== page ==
Our studies suggest that Xctr1 knockdown may promote morphogenesis by means of induction of Xmc. Consistently, we find that initiation of Xmc expression coincides with the decline in maternal Xctr1 expression (Fig. 4; Frazzetto et al.,2002; Haremaki et al.,2007). Coupled with the gain- and loss-of-function analyses described above, these correlative data provide further evidence for regulation of Xmc by Xctr1, in vivo.
We observed no effects on cell fate determination or morphogenesis from Xmc misexpression in ectodermal or mesodermal explants, including animal caps treated with FGF and/or Activin, or in intact Xenopus embryos, consistent with earlier published studies (data not shown; Frazzetto et al.,2002), suggesting that Xmc gain-of-function is not sufficient to alter morphogenesis. We next sought to address the potential requirement for Xmc in mediating Xctr1-independent morphogenesis. Knockdown of Xmc function by means of Xmc-specific antisense morpholino oligonucleotides has been shown to affect axial elongation in Xenopus (Frazzetto et al.,2002); morpholino studies were thus used to further address the relationship between Xmc and Xctr1 during morphogenesis. Injection of an Xmc-specific morpholino (XmcMO) results in a dose-dependent translational block of a co-expressed Myc epitope-tagged Xmc construct (Xmc-Myc) in gastrula stage embryos (Fig. 5; Frazzetto et al.,2002). This effect cannot be mimicked with either a control, “scrambled” morpholino (CMO), or with an Xmc-specific morpholino containing 5 base pair mismatches (XmcMM; Fig. 5). Injection of XmcMO has been previously shown to generate three phenotypic classes by the tadpole stage: embryos with a kinked axis, embryos with a short axis, and embryos with an open blastopore (Class I, II, and III, after Frazzetto et al.,2002). In our hands, dorsal marginal injection of 25 ng of XmcMO at the four-cell stage results in 87% of embryos with Class II defects, with the remainder exhibiting Class III defects (N = 15). This dose of XmcMO was used for subsequent Xmc loss-of-function studies.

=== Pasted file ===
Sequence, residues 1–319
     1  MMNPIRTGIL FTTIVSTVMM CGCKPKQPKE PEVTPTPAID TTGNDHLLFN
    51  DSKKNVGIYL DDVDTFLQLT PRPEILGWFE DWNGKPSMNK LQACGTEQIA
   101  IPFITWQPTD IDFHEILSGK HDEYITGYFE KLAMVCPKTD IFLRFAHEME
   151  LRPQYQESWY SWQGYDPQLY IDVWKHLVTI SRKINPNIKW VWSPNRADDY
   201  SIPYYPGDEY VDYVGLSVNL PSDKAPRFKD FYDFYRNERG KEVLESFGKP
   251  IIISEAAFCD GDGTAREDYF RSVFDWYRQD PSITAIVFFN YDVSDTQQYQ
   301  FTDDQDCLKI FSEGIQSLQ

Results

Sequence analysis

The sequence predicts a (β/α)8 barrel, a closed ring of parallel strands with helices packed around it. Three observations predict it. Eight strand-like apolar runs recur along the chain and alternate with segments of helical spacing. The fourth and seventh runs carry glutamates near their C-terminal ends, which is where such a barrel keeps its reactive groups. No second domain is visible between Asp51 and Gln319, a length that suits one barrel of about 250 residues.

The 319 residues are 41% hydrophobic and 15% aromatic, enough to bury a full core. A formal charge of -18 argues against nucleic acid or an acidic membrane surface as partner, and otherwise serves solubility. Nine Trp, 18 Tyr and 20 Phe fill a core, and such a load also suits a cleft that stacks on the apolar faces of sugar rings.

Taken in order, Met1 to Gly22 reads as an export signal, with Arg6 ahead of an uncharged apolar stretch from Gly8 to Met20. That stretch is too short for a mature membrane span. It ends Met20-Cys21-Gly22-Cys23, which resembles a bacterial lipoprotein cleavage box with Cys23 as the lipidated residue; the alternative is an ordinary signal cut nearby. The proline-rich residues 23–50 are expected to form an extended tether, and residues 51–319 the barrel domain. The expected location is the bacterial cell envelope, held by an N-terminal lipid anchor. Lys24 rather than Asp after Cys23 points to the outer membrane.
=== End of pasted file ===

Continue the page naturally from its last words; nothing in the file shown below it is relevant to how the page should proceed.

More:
Explant assays were used to test for the potential requirement for Xmc in Xctr1 knockdown-mediated morphogenesis. Elongation of FGF-treated animal cap explants is enhanced following Xctr1 knockdown (Fig. 6A,B) (Haremaki et al.,2007); this elongation is significantly inhibited by co-injection of the Xmc-specific morpholino XmcMO (Fig. 6A,C). Inhibition of Xctr1 knockdown-mediated elongation is not seen after injection of a 5 base pair mismatch Xmc morpholino (XmcMM; Fig. 6D); moreover, the block to inhibition by XmcMO can be partially rescued by co-injection of Xmc RNA lacking the XmcMO binding site (Xmc), pointing to the specificity of XmcMO for the Xmc transcript in these assays (Fig. 6A,E). Xmc knockdown does not, however, inhibit elongation of animal caps by Activin (Fig. 6F); thus, Xmc is required for FGF-mediated, Xctr1-independent morphogenesis.
The presence or absence of the transmembrane protein Ctr1 dictates the interpretation of FGF receptor activation as, respectively, either a pro-differentiation or a pro-morphogenesis cue. Here, we demonstrate that Xmc is a critical component of the signaling cascade activated by FGF in the absence of Xctr1, as Xmc loss-of-function inhibits Xctr1 knockdown-mediated morphogenesis. This functional link is buttressed by the temporal patterns of expression of the two genes: the initiation of Xmc expression at gastrula stages correlates with the initial decline in maternal Xctr1 expression levels, and also with the initiation of FGF-mediated morphogenesis.